Oooh, get you! I think 2300 a month for a 25 year old foreigner in a city as poor as Berlin is pretty good.
That is 2,300 gross per month, not net!
Stun Lee and win
That is 2,300 gross per month, not net!
This is Berlin, not Munich!
The Interhyp website (Interhyp is a mortgage broker) has some useful information about buying property. See the links "Ratgeber" – "Baufinanzierung" and "Rechner", which lets you calculate e.g. your budget and maximum mortgage. There you see for example that at least the accompanying costs of buying, meaning about 10% of the purchase price that come on top for real estate agent provision, real estate transfer duty (4,5%) and notary commissions etc. have to be own capital. But considering your young age and possibly meager credit history, much more down-payment might be necessary, plus the interest rate will be better with more own capital. As a general rule, if you live in the flat yourself, more own capital is better, but if you rent it out, for tax reasons a lower down-payment can make sense (you can offset mortage interests).

In any case, it's advisable to be very well informed before making any decisions. There are books about "Immobilienerwerb", or maybe your bank has info brochures. But stay away from a Bausparvertrag which they might try to sell you (there's a thread about it here, too).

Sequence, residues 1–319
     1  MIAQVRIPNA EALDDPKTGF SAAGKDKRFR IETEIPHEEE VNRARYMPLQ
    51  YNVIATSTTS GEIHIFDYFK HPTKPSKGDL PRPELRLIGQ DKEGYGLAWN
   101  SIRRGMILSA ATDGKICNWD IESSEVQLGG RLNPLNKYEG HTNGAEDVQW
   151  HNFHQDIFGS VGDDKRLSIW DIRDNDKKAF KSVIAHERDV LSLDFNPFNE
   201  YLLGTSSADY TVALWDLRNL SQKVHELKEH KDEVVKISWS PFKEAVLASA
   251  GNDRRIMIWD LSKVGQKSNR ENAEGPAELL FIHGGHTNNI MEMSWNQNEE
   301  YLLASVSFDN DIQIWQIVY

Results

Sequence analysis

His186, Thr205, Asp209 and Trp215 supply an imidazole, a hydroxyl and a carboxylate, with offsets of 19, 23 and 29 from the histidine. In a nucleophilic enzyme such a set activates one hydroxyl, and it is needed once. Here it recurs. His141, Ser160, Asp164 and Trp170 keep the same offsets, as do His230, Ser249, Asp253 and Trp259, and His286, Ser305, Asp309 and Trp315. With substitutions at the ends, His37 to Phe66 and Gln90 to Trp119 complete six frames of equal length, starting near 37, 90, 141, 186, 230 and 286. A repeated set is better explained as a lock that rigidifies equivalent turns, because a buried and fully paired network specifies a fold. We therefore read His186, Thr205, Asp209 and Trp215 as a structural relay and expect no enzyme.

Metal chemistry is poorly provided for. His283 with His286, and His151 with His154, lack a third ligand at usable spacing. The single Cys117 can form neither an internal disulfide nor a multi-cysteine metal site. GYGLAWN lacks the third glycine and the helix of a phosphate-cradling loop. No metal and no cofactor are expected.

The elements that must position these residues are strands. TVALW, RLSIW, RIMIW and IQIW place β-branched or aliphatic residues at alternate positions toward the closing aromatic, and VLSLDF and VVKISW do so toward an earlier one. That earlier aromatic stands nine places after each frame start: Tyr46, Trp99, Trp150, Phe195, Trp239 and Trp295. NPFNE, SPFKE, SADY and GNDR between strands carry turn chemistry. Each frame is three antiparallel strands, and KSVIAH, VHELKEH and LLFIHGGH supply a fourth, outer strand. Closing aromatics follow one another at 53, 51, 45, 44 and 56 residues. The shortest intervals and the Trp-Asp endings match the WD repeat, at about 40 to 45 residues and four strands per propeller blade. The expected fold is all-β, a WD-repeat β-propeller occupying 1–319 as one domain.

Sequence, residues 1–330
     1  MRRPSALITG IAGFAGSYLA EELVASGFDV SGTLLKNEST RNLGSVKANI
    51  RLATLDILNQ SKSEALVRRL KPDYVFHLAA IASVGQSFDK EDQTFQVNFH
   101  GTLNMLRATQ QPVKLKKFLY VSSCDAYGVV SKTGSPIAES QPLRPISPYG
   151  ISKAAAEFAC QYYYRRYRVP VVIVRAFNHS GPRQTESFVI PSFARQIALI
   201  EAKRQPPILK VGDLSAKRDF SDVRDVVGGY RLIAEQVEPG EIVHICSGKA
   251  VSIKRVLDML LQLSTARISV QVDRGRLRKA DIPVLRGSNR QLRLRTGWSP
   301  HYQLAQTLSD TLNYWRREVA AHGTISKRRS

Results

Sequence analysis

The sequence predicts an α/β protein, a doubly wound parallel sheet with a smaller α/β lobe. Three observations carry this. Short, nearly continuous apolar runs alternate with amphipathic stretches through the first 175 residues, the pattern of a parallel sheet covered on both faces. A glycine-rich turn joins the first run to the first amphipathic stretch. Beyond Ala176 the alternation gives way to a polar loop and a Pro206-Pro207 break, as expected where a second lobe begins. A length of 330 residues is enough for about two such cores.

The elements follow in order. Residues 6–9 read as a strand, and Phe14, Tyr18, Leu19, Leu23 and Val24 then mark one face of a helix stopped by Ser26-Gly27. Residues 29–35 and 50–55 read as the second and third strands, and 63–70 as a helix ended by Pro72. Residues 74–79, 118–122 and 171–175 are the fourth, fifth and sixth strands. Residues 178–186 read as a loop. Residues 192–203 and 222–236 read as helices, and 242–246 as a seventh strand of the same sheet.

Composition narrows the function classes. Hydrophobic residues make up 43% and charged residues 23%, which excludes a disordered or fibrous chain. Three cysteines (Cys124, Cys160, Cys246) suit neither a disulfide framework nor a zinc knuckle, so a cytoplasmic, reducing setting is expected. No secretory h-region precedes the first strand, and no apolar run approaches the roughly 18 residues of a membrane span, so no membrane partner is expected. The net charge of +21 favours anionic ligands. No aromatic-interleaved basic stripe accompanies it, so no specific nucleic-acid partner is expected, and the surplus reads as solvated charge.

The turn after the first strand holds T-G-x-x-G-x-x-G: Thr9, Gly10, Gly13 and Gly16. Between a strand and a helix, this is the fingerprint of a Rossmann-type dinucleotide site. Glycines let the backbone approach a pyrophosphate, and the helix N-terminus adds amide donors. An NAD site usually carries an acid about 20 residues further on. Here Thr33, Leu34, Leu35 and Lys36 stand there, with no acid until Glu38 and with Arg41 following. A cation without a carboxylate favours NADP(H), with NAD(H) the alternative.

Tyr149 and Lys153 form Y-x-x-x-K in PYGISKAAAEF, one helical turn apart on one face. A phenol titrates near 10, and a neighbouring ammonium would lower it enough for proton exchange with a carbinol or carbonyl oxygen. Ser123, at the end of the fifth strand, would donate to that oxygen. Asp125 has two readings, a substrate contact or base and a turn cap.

Given you can speak decent German, get the latest copy of Focus which has its latest German property market survey in it. It rates Berlin as just "normal prospect" for growth. It also contains a short article about the Berlin market. The German perspective does not rate Neukölln as one of the desirable / hot areas (that's apparently Pankow and another area next to PBerg but I'm afraid I've forgotten which). It also points out that - for all the hype - most of the market remains "cold" and that there is a surplus of property. Therefore, no need to feel rushed imho.

That article also points out that inflation-proofing is the main driver of the current mania for buying, helped by low interest rates.

The "big picture" I mentioned by the way was a combination of downpayment + current earnings + prospects + credit history + other factors that determine how good a "bet" you are for a lender.

I'd suggest that anyone wanting a long term future in Berlin would well advised to buy now - is that you though, given your talk of moving on? What I'd advise anyone thinking bottom end though (one room places) is whether it might not be better to wait until they have a bigger deposit and higher income.

Bear in mind it is difficult to have cake and eat it. If your worry about buying is that prices might rocket, then yes, you will then be living in a gentrified area that poorly-paid locals can't afford! The social mix will change. Can't really be one but not the other.